Qualm Before the Storm: Steve Swell’s Kende Dreams
A patina of anticipation hung over 40 intrepid music-lovers on Friday the 13th, as Pioneer Valley Jazz Shares assembled at the Northampton Arts Trust to witness the last concert of a small tour by Steve Swell’s Kende Dreams. The typical pre-concert buzz of excitement was overlaid by mild dread in the face of the uncertain arc of the gathering pandemic. As we awaited the performance of Swell (trombone), Rob Brown (alto saxophone), William Parker (bass) and Michael T.A. Thompson (drums), there was a dawning realization that this might be the last live music any of us would hear for some time. For someone whose passion and purpose is bringing together world-class artists and open-minded audiences, it was an evening filled with swirling emotions. Perhaps it was that sense of impending qualm, mingled with our love for the music, that produced the palpable intensity and beauty we heard on stage.
When Silkheart Records offered Swell the opportunity to record an homage to Béla Bartók in 2014, his research led him to Hungary and the kende, the spiritual leader of the Magyars, who lived in the region before the founding of the Hungarian state. The kende served in a dual-monarchy with the gyula, or war-chief. (Unsurprisingly, all power was later usurped by the gyula.) When Kende Dreams performed at Hampshire College in September, 2016, the band was reeling from the recent death of their beloved pianist, Connie Crothers. This time, the musicians were staring into a future of canceled gigs and lost income.
In 1997 Fred Ho told us to Turn Pain into Power! (OODiscs), and Swell’s quartet did just that. They played with the conviction that comes from decades on the front lines of cultural production; they advanced the music with a righteous authority. Their 80-minute set brimmed with feelings of all kinds.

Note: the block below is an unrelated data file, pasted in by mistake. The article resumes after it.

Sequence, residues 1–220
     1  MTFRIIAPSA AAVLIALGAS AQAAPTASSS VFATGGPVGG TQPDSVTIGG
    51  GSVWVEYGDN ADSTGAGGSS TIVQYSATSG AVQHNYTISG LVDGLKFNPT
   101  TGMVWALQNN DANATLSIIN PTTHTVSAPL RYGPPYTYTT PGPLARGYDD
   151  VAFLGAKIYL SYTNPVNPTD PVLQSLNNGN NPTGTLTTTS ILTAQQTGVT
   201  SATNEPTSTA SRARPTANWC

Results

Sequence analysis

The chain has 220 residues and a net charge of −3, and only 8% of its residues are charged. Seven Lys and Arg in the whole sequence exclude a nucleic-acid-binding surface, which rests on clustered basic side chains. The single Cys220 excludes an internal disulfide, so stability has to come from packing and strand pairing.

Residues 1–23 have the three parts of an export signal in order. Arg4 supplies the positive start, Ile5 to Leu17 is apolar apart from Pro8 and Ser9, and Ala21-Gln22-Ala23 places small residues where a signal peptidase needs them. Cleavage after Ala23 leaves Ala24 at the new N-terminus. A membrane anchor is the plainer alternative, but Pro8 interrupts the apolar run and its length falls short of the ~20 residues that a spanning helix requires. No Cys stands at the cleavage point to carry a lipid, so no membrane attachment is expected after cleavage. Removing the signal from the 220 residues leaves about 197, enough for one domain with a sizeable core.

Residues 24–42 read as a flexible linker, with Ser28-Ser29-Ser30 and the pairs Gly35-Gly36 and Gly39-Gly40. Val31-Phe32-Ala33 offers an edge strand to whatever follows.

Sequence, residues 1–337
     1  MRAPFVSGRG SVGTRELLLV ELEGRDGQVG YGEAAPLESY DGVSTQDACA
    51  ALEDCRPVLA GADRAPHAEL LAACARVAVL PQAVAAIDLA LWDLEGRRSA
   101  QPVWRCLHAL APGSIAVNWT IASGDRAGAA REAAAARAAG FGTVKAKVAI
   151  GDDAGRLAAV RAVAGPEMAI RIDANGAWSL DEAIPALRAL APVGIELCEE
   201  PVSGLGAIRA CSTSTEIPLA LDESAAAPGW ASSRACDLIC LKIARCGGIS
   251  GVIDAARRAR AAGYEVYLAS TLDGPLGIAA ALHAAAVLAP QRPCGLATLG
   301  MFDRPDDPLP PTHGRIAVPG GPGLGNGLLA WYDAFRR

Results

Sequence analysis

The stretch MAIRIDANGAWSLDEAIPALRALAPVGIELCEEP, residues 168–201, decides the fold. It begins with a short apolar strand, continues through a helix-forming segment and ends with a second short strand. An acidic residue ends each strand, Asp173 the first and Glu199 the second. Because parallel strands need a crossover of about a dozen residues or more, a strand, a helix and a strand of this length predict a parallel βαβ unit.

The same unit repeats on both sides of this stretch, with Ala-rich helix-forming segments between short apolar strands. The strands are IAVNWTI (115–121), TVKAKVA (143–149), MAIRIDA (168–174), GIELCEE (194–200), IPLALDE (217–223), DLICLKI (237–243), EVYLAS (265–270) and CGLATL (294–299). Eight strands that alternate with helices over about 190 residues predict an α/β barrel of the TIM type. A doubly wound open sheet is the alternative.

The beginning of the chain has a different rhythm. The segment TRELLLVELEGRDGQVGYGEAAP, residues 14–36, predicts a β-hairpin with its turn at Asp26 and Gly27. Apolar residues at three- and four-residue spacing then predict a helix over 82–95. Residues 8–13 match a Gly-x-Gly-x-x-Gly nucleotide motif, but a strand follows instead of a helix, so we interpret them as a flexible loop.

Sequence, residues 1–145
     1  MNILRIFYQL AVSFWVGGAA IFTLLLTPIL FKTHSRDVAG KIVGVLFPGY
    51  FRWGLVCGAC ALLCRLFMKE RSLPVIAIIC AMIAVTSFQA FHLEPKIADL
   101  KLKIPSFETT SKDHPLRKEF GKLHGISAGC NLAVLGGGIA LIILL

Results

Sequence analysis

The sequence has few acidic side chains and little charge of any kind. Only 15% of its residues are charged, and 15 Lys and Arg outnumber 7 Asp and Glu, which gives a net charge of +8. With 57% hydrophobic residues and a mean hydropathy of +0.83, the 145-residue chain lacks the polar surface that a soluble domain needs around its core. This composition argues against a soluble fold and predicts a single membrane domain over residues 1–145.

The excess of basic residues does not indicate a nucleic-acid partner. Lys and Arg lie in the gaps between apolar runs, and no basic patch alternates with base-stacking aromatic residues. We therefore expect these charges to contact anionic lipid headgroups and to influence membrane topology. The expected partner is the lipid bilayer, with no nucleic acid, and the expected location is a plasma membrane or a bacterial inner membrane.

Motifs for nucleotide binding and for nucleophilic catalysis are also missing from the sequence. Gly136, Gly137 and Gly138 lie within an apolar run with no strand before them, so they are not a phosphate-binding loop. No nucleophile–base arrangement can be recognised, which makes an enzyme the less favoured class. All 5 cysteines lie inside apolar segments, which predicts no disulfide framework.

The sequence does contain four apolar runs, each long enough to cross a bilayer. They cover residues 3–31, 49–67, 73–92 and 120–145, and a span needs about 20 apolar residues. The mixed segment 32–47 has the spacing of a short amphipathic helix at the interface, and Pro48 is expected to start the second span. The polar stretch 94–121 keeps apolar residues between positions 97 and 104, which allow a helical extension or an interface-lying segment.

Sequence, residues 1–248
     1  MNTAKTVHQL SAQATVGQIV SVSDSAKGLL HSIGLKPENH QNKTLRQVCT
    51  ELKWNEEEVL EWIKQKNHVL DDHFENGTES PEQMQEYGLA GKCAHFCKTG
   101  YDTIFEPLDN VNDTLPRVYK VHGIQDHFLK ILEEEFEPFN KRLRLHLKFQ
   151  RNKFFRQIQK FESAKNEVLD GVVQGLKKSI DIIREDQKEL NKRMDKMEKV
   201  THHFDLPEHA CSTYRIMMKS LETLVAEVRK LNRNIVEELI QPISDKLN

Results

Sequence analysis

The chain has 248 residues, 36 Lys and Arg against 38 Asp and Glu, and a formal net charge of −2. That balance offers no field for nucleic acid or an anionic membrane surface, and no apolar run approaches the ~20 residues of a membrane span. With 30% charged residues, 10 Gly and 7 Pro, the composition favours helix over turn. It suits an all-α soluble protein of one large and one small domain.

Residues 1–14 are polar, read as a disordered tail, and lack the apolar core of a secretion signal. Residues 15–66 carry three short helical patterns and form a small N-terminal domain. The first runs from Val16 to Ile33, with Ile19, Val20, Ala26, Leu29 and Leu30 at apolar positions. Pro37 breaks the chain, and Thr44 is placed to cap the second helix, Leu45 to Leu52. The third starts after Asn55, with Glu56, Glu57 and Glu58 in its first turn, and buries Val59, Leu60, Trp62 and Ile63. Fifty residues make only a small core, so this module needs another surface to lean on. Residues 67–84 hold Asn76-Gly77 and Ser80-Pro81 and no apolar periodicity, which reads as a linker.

Brown and Swell have played together regularly since 1994, when they met in Parker’s famed Little Huey Creative Music Orchestra. They have built an amazing rapport, not only finishing each other’s sentences, but able to talk and listen at the same time. Their interplay was so seamless I sometimes heard them as one instrument. During recurring moments of high energy, when I sat inside their throbbing cacophony, I was convinced it was the calmest place in the world.
We saw Michael T.A. Thompson at Augusta Savage Gallery last year, in a delicate recital with violinist Jason Kao Hwang. This March 13th concert provided a fuller picture of Thompson’s impressive drumming. He was given lots of solo space, which he filled with forceful intelligence. The drum solos I like best have a clear scaffold of motifs to serve as points of departure, signposts used to tell the story. Thompson’s solos had that architecture. His brief use of harmonica lent a soothing, slightly mysterious air to the proceedings; when Swell joined playing plunger mute, the passing colors had a cleansing effect.
The compositions were all Swell’s and they guided us through moods of deep reverence, agitated indeterminacy and off-the-ground elation. Their full throttle, swinging unison passages were thrown into even greater relief by earlier periods of muted introspection.
Seeing William Parker so soon after his Feb. 27 appearance with Gerald Cleaver and David Virelles was a joy and a comfort. Over dinner, the droll godfather of the avant-garde reveled us with stories of his colorful Lower East Side neighbors, including Horizontal Man and Hot Dog. His anecdotes and his unflappability boosted my spirits, and maybe my immune system. His unaccompanied bass solo was impressive, not for its technical brilliance, but for its slow unfurling of a resonant sound world that enveloped us, and, if only for a moment, made us forget the madness.
It just so happens this Northampton concert, and earlier ones at Rhizome (Washington, DC), Keystone Korner (Baltimore) and Bop Shop (Rochester, NY), were supported by Jazz Road, a major new grant program administered by South Arts. Swell likened the four stops to “European style touring,” meaning the musicians could make some actual money. The irony that this brief taste of decent pay will be followed by a precipitous, virus-induced drop in income is cruel. This will cause real harm to artists and the citizens they serve. But jazz musicians, having always existed in the gig economy, are rarely surprised when things go from bad to worse.